London 2012 Olympics: Ennis crowned Olympic champion

The face of 2012 Jessica Ennis wrapped up the Olympic heptathlon title with a UK record of 6955

Jessica Ennis (Mark Shearman)

A career-threatening ankle injury ruled her out of the Beijing Olympics, but four years later Jessica Ennis was crowned the Olympic heptathlon champion on the greatest night ever for British athletics – a day that will go down as ‘Super Saturday’.

She was momentarily passed by eventual fourth-placer Austra Skujyte from Lithuania after the shot, but otherwise it was a truly dominant performance from the City of Sheffield athlete who adds this accolade to her world title from 2009 and her European title from 2010.

Ennis finished her two days in style as she won the final event in 2:08.65 for 984 points to deafening applause.

In doing so, Ennis improved her UK record to 6955 – a score that has only been bettered by world record-holder Jackie Joyner-Kersee in Olympic competition. She also became the fifth best scorer of all-time.

World champion Tatyana Chernova rallied well on the second day but had to settle for the bronze with 6628. Even had she been at her best, she’d have been no match for the in-form Ennis.

For a while it looked as though Chernova had got the silver following the disqualification of Lilli Schwarzkopf in the 800m, but the German was reinstated to take second place overall with 6649, breaking her PB from four years ago.

Natalia Dobrynska was understandably not at her best after the death of her coach and husband earlier this year, and the defending champion dropped out after the long jump. With 13 women over 6300 points, it was the highest-standard heptathlon of all-time.

If Ennis is the star of 2012, watch out for Katarina Johnson-Thompson in 2016 and 2020. The teenager broke Ennis’ UK junior heptathlon record earlier this year and she improved it further to 6267 to finish 14th.

Commonwealth Games champion Louise Hazel finished 26th with 5856.

How Ennis’ golden two days unfolded

100m hurdles – 12.54 (1159 points)
It all started with a performance which would have equalled Dawn Harper’s winning time in the 100m hurdles at the Beijing Olympics. Ennis’ time of 12.54 was a UK record and the fastest time in a heptathlon by eight-hundredths.

Overall – Ennis 1195, Zelinka 1178, Fountain 1170, Aerts 1133, Djimou Ida 1130

High jump – 1.86m (1054 points)
Ennis jointly holds the UK high jump record at 1.95m but a 1.86m clearance is on par with her performances in the past year. It was also one centimetre better than the height she achieved en route to her UK record in Götzis in May.

Overall – Ennis 2249, Fountain 2224, Johnson-Thompson 2146, Skujyte 2110, Djimou Ida 2108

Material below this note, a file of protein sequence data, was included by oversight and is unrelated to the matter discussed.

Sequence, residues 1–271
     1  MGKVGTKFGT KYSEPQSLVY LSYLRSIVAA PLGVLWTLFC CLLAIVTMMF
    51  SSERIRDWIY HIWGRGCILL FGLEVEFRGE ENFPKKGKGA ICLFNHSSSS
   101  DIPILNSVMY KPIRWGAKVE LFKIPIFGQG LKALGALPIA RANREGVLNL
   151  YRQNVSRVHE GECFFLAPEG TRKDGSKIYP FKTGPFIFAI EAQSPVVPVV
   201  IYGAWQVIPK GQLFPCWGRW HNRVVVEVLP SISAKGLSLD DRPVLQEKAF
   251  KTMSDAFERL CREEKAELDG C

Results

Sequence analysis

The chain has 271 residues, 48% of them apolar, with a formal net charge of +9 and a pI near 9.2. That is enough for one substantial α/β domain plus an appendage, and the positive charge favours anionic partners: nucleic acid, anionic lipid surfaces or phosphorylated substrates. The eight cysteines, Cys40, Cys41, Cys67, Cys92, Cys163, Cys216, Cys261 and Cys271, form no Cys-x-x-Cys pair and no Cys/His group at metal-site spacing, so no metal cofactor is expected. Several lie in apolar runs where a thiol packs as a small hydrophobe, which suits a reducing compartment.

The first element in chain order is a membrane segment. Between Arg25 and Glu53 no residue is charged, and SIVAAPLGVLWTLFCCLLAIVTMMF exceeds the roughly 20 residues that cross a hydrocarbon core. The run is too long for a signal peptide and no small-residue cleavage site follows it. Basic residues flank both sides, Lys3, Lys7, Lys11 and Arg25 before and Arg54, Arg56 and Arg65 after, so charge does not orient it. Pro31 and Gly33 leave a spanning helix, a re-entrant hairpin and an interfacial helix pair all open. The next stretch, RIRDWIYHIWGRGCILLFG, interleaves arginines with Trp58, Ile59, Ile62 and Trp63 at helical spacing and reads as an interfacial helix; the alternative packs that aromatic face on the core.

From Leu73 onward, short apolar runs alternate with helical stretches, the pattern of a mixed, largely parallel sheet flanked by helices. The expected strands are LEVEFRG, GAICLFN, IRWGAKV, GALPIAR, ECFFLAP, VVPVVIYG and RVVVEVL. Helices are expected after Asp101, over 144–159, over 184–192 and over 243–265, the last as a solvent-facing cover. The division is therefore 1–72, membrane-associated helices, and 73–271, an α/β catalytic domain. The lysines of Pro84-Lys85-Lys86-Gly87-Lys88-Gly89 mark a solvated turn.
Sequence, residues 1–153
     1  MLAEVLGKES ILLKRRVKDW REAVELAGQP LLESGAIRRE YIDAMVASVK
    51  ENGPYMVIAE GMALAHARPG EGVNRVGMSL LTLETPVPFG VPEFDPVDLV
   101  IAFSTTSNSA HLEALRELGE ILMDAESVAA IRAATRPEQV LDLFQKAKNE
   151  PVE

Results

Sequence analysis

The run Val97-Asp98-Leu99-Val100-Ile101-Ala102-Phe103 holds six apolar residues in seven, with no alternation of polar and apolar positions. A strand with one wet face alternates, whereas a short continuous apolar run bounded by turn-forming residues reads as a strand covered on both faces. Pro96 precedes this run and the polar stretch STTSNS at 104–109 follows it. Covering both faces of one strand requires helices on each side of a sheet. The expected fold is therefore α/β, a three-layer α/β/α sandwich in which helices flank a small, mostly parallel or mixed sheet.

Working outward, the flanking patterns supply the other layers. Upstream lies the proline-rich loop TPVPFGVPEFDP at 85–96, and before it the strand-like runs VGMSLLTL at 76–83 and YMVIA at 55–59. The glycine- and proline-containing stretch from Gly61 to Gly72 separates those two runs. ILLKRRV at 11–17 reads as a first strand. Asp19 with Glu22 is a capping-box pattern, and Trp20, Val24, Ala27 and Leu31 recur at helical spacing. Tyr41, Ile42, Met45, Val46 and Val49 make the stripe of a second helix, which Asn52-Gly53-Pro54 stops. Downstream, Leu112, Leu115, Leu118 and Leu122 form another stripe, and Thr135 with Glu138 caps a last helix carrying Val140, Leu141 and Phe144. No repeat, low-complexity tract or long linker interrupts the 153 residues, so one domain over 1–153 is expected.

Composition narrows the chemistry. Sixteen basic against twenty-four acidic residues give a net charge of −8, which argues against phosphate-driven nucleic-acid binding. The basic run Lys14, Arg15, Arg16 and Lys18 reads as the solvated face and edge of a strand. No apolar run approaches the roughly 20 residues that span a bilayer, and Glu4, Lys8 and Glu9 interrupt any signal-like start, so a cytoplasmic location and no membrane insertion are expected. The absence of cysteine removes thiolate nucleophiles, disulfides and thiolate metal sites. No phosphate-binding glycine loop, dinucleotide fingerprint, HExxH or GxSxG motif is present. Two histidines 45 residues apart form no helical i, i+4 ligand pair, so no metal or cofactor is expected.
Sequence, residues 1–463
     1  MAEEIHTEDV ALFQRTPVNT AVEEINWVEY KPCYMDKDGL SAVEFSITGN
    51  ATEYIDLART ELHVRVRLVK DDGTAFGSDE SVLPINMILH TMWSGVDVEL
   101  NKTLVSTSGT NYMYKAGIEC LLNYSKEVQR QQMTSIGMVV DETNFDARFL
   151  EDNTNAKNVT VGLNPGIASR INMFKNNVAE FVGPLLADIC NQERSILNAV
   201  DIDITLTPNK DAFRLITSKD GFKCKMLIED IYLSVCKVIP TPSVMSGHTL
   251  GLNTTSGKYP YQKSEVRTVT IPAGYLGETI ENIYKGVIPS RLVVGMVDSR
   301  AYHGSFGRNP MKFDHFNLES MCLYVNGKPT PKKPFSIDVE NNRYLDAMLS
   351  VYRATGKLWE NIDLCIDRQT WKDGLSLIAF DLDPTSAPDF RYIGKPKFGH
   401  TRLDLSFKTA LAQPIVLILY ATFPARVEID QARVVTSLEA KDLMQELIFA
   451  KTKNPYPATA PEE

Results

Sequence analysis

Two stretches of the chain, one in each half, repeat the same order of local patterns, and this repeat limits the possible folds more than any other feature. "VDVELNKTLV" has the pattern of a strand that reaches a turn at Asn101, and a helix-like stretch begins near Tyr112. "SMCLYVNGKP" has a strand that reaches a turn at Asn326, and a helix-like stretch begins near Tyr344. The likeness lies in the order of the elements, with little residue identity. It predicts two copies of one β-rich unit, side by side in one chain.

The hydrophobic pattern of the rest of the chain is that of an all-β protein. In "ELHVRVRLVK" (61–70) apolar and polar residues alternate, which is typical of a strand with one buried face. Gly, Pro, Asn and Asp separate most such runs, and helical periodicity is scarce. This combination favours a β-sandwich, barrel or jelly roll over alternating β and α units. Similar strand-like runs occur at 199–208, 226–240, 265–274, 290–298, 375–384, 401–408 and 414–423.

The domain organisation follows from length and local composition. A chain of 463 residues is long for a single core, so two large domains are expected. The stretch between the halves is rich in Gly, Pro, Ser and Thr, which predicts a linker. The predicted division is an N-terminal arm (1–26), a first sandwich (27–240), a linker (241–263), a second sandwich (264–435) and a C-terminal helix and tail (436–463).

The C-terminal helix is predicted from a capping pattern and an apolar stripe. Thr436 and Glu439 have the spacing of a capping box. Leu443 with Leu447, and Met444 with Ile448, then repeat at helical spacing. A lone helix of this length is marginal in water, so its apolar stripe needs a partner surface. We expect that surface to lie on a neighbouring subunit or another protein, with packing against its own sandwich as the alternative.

Shot – 14.28m (813 points)
She wasn’t fully enamoured with her best effort of 14.28m but it was still her third best put outdoors. Austra Skujyte momentarily eclipsed Ennis’ lead with a world heptathlon best of 17.31m.

Overall – Skujyte 3126, Ennis 3062, Schwarzkopf 2947, Savitskaya 2930, Dobrynska 2920

200m – 22.83 (1096 points)
Ennis tore up the track in the final event of the first day with her second PB of the competition of 22.83. This gave Ennis her best day one total of 4158.

Overall – Ennis 4158, Skujyte 3974, Zelinka 3903, Yosypenko 3902, Fountain 3900

Long jump – 6.48m (1001 points)
The event which proved her undoing at the World Indoor Championships was rock-steady as she produced her second best ever mark in a major championships. Ennis’ grasp on the title became just that bit tighter as the challenge of world champion Tatyana Chernova didn’t really materialise. She achieved the best jump of the day but 6.54m made insufficient inroads into Ennis’ lead.

Overall – Ennis 5159, Skujyte 4901, Chernova 4869, Yosypenko 4848, Schippers 4836

Javelin – 47.49m (812 points)
Her sub-standard performance at last year’s World Championships was just an anomaly and Ennis showed no signs of nerves as her competition climaxed with a 47.49m PB. The title was as good as wrapped up and while her lead was cut back, Ennis is a renowned 800m runner while Skujyte hasn’t broken 2:20 this year. Chernova lost even more ground.

Overall – Ennis 5971, Skujyte 5783, Yosypenko 5701, Djimou Ida 5696, Schwarzkopf 5692

800m – 2:08.65 (984 points)
This was very much a formality as Ennis had all but sealed the title. To rapturous applause, Ennis crossed the line first in 2:08.65 to become the first British winner of the heptathlon title since Denise Lewis in 2000.

Final scores – Ennis 6955, Schwarzkopf 6649, Chernova 6628, Yosypenko 6618, Skujyte 6599

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